Nova Scotia

'Birthplace of hockey' trademark holder reaches deal with Windsor, N.S.

A small town in Nova Scotia has come to an agreement over a dispute with the Windsor Hockey Heritage Society, which owns the copyright to the phrase "birthplace of hockey."

Windsor Hockey Heritage Society says they have no problem with town using catchphrase

Paul Beazley, the mayor of Windsor, N.S., says the town started talking about making the 'birthplace of hockey" part of its official logo three months ago. (Town of Windsor)

A small town in Nova Scotia has come to an agreement over a dispute with the Windsor Hockey Heritage Society, which owns the copyright to the phrase "birthplace of hockey." 

The town of Windsor had unofficially branded itself the "birthplace of hockey" in numerous locations, from a sign just outside the town's limits to the mayor's business cards. Three months ago, the town started talking about rebranding and making the catchphrase part of its official logo.

But when the society heard about it, they worried it was losing control over its own logo and registered trademark as they were embarking on their own rebranding.

On Tuesday, the society's David Hunter said any use of the trademark would have to be approved by its board and lawyer.

Windsor Mayor Paul Beazley released a joint statement with the society at the town office on Wednesday.

"The town of Windsor and the hockey heritage society wish to announce that there is no disagreement now or ever has been over the use of the birthplace of hockey slogan."

The society doesn't have a problem with the town using the catchphrase, Hunter said. 

The dispute and the claim

To save money for the rebranding, Windsor town council decided to hold a competition to create a logo instead of paying a marketing firm to help it rebrand. The graphic designer who came up with the best "birthplace of hockey" logo would get $1,000.

The phrase 'birthplace of hockey' is all over the town of Windsor — from the mayor's business cards to the water tower, but the trademark holder says enough's enough. (Town of Windsor)

According to the town's website, there is "near-irrefutable evidence that the game now known as ice hockey" had its humble origins as early as the year 1800, on Long Pond.

"As we started talking about the birthplace of hockey in council, we just sort of took it for granted that the tag line is something that's out there," said Beazley.

The town cites the writings of Thomas Chandler Haliburton as the first known reference to Canada's game.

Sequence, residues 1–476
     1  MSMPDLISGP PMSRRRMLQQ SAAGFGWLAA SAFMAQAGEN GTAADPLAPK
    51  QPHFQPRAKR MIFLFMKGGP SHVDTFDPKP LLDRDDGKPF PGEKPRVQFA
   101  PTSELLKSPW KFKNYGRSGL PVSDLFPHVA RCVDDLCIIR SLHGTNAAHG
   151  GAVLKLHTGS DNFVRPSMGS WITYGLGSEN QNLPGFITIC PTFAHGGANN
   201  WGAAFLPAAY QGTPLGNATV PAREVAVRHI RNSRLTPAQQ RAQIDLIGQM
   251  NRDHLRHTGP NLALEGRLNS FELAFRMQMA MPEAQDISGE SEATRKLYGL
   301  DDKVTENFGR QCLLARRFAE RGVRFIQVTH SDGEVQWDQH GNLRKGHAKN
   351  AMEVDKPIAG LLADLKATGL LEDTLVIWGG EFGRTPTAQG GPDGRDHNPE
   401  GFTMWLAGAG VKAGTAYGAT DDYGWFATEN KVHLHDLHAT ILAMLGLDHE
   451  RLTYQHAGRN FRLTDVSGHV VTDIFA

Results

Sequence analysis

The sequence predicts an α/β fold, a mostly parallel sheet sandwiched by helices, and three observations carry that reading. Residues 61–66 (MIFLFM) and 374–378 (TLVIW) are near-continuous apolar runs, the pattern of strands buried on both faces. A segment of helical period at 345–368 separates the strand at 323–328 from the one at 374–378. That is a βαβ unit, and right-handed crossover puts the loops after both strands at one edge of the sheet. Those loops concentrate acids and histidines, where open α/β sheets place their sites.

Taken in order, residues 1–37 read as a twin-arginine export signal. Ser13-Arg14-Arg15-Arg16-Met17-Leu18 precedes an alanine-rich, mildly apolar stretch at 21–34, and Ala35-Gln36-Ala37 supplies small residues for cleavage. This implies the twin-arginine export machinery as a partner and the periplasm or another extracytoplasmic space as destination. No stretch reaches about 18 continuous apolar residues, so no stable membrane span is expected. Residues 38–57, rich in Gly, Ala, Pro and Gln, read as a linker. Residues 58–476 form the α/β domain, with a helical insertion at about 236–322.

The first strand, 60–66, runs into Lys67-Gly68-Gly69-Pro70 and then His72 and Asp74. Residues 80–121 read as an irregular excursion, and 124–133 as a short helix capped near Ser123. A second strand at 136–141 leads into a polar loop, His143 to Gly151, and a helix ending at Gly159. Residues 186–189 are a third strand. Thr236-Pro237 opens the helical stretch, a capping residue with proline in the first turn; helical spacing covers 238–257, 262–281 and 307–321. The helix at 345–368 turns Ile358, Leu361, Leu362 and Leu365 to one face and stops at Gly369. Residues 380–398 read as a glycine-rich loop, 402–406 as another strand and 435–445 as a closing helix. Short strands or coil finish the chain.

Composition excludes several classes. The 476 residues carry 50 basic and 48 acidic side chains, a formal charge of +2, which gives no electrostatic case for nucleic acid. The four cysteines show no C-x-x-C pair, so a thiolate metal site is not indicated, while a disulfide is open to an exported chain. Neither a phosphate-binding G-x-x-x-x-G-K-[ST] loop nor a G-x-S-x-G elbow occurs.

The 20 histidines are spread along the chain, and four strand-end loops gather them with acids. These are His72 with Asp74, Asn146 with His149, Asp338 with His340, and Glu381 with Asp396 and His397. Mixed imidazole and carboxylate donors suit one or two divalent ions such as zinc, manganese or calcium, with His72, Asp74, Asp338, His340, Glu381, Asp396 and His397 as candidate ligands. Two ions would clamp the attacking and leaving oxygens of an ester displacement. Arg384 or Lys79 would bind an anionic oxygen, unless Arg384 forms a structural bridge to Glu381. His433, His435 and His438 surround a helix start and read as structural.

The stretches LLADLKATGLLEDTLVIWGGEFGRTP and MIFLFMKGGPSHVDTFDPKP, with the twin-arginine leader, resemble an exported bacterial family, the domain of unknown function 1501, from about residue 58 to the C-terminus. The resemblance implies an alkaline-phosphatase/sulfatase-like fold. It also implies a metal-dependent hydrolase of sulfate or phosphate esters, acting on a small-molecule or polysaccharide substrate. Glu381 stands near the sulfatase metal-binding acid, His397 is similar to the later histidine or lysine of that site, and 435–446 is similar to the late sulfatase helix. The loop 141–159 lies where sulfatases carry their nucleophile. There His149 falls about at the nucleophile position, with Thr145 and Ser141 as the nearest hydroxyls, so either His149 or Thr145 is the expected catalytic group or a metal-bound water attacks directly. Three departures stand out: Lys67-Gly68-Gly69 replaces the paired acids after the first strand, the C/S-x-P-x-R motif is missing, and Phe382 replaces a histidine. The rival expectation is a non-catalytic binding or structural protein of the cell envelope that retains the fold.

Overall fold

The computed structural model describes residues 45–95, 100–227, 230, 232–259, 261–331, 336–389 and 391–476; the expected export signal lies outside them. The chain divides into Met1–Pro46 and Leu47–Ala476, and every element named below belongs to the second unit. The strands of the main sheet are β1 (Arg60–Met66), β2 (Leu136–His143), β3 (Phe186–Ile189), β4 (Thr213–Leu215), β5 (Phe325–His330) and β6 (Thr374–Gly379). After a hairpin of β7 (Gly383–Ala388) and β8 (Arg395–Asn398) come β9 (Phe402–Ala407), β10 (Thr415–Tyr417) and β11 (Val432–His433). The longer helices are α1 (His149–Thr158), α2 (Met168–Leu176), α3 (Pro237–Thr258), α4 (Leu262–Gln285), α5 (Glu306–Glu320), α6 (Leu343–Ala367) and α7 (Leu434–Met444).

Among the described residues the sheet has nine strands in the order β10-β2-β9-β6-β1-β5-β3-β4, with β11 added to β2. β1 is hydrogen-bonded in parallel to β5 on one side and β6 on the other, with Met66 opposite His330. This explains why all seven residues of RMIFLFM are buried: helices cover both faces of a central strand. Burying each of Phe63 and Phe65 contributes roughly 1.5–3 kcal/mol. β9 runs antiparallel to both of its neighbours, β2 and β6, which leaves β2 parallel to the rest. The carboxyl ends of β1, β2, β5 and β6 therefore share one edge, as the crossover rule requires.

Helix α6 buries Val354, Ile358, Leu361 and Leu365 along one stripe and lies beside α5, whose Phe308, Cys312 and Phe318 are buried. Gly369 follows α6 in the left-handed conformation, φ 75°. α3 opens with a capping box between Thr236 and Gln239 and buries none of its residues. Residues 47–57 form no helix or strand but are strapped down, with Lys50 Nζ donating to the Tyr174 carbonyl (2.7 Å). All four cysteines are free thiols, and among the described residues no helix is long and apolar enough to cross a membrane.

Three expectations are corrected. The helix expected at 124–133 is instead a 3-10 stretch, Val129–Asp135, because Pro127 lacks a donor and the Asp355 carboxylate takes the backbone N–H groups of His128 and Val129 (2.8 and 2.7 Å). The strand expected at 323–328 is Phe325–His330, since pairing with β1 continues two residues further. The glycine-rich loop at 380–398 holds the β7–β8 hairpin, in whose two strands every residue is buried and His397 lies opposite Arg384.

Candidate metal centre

"The boys of Windsor's King's College School adapted their British game of hurley to the ice. And hurley-on-ice developed over time into the internationally popular game of ice hockey, still considered by most Canadians as their national sport," according to the town's website. 

Like many other origin stories, the debate over the birthplace of hockey remains contentious, with several other places making the claim: 

  • Dartmouth, N.S.
  • Montreal.
  • Kingston, Ont.
  • Déline, N.W.T.
  • New York state.

The Society for International Hockey Research, made up of hockey historians, has not said where it thinks the game started, but noted the first eyewitness account of an organized game was at Montreal's Victoria Skating Rink on March 3, 1875.

Path to a solution

The Windsor Hockey Heritage Society hopes to have the "birthplace of hockey" logo ready in time for this year's Long Pond Heritage Classic.

Hunter said he's not interested in profiting from the trademark, but says the legality of owning the catchphrase must be honoured.

"What would be the sense of having an asset that, 'If you just want to use it go ahead?'" he said. 

Beazley's solution is to have contestants in the rebranding competition come up with a hockey-related catchphrase that's not the "birthplace of hockey."

"If a graphic designer comes back with a logo that says, 'Where hockey was first played' or something like that — or 'Hurley on ice' — it doesn't become a trademark issue," he said.


Preston Mulligan has been a reporter in the Maritimes for more than 20 years. Along with his reporting gig, he also hosts CBC Radio's Sunday phone-in show, Maritime Connection.